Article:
By KELIN DILLON
On Wednesday, March 23, Mexico’s Secretariat of Public Education (SEP) announced that it would divert funds saved by the controversial cancellation of the country’s Full-Time Schools (ETC) program to affected children’s parents, though many education experts have raised concerns that this move will not positively affect the schooling of the nation’s children and could potentially be misused by families upon delivery.
While the ETC previously provided additional class hours, educational support and hot lunches to more than 3.6 million impoverished children around the country, the SEP will now instead deliver direct financial support to families rather than relying on middlemen. However, considering disturbing statistics from the United Nations Children’s Fund (UNICEF) that show that school lunch is the first meal 65.8 percent of kids under the ETC eat, giving money directly to students’ parents does not guarantee that they will be fed well.
“Giving the money to families instead of schools does not solve the learning problem,” said Universidad Iberoamericana education expert Arcelia Martínez. “For this, programs focused on addressing lags and improving the quality of education are required. The pretext of this SEP move is to improve the infrastructure, but there are other urgent things that are being left behind. It is a decision of high political profitability that denotes a disregard for the evidence.”
Martínez went on to say, “The former ETC program managed to reduce the learning gaps between students from different socioeconomic strata, in addition to being a support for mothers, who had a safe space, the school, to leave their children and be able to work.”
Experts have further criticized the SEP for focusing on fostering the dependency and appreciation for rural populations on Mexico’s ruling party, the leftist National Regeneration Movement (Morena), which has previously come under fire for prioritizing political goodwill over effective public policy, as well as for ignoring the extensive evidence showing how beneficial the Full-Time Schools program has been to the education of Mexican children.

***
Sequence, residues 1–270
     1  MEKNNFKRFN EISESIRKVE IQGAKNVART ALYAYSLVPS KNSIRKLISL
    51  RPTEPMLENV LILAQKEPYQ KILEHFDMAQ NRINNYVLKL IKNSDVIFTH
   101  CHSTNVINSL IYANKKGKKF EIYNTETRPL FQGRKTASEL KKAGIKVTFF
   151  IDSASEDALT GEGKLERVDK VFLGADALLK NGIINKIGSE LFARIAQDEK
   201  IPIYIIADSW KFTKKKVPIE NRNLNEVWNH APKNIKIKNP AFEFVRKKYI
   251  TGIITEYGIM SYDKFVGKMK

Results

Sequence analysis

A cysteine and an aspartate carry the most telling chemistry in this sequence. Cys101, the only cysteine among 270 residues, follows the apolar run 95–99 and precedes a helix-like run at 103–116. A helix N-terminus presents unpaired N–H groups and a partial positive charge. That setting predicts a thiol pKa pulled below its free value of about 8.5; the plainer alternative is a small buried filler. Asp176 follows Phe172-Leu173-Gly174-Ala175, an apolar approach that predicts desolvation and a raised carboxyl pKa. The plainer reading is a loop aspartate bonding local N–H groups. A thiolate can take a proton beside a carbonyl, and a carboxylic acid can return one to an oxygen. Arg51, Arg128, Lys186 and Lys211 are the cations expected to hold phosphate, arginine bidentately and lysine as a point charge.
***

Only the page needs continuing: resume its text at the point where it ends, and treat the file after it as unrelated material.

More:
“What is being done is to change a public policy program of an educational institution, for a scholarship or a resource that will be delivered directly to parents, without there being any type of institutional structure that ensures that this money serves so that there is a better education for children and that there is no school dropout,” said Jacqueline Peschard, former president of the Federal Institute for Access to Public Information.
On the other side of the same coin, many educational pundits have pointed out that the elimination of the Full-Time Schools program in exchange for this direct fund delivery will disproportionately hurt Mexico’s population of working mothers, as the program’s extended hours provided extra childcare opportunities to this segment of the population.
“SEP Head Delfina Gómez Álvarez is not being empathic with the thousands of women who go to work every day and leave their children in these schools, because they are safe places,” said María Marván Laborde, former Federal Institute for Access to Public Information and Data Protection (IFAI) commissioner. “It is very likely that now many of these women will have to reduce their work hours or find another that involves them not working eight hours to have time to pick up their children.”
“I am sure that for this there will be no subsidy, so many families will see their income reduced. This is also a gender issue and I find it impressive that the secretary of education does not understand this,” concluded Marván Laborde.